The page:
Lane Says Monetary Easing Benefit Outweighs Currency Risk

Bank of Canada Deputy Governor Timothy Lane said the easy monetary policy of central banks in the U.S., Europe and Japan is boosting global demand and more than offsets the impact of currency swings in other countries.

“Expansionary monetary policy to support domestic objectives in post-crisis economies can put upward pressure on other countries’ currencies,” Lane said in the text of a slide show presentation he’s giving today at the Bank of Korea in Seoul. “On balance, however, exceptional easing in post-crisis economies is likely to be beneficial to other countries that were not at the center of the crisis, since the favorable effects of stronger growth in the major post-crisis economies outweigh the adverse effects of currency appreciation.”

The currencies of the U.S. and Japan, the world’s largest and third-largest economies, are being weakened by central bank policies of purchasing assets to boost growth. The U.S. Federal Reserve is buying $85 billion of Treasury and mortgage bonds each month and the Bank of Japan has doubled monthly bond purchases this year.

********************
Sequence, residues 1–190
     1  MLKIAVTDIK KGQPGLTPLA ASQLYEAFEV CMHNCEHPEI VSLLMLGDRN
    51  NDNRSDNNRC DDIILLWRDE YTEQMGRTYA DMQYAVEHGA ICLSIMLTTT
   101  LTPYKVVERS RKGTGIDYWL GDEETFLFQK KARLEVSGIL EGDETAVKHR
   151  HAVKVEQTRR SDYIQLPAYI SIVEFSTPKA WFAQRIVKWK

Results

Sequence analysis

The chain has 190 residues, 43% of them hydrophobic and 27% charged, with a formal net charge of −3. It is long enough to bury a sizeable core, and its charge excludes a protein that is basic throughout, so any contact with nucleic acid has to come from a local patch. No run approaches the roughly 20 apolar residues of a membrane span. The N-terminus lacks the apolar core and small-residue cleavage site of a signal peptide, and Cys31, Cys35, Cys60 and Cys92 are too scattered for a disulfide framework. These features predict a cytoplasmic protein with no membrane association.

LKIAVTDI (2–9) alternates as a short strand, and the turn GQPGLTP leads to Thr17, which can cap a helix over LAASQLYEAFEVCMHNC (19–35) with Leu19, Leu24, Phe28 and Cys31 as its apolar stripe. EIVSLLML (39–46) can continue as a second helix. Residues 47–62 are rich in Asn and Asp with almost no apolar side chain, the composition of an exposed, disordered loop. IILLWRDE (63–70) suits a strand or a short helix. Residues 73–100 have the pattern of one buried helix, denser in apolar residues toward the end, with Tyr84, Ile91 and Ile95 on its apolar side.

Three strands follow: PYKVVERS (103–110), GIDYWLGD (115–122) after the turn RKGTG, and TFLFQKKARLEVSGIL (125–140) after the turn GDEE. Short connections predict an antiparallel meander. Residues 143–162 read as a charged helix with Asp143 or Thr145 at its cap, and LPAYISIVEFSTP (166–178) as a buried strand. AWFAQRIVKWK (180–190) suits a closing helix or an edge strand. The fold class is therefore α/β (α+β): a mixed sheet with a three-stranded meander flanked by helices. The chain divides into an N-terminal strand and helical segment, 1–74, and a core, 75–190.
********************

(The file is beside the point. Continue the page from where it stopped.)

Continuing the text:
Lane’s remarks echo past Bank of Canada comments that the actions of the Bank of Japan and the Fed should boost Canadian exports growth even as they support the country’s dollar.

The Bank of Canada has kept its benchmark rate at 1 percent since September 2010 in part because of a sluggish export recovery, and Lane today didn’t comment when borrowing costs may change.

Canada and other “non-crisis countries” have relied on domestic spending instead of exports as monetary policy has eased, Lane said. Canada is showing “a constructive evolution” in household finances after “imbalances” built up, he said, a reference to consumer debt that’s reached a record 165 percent of disposable income.

The global economy is at risk if there isn’t a shift where countries with large savings boost domestic demand and indebted nations cut back, Lane said. Without a quick adjustment that also includes exchange rates, the global economy may lose $6 trillion in output, he said.

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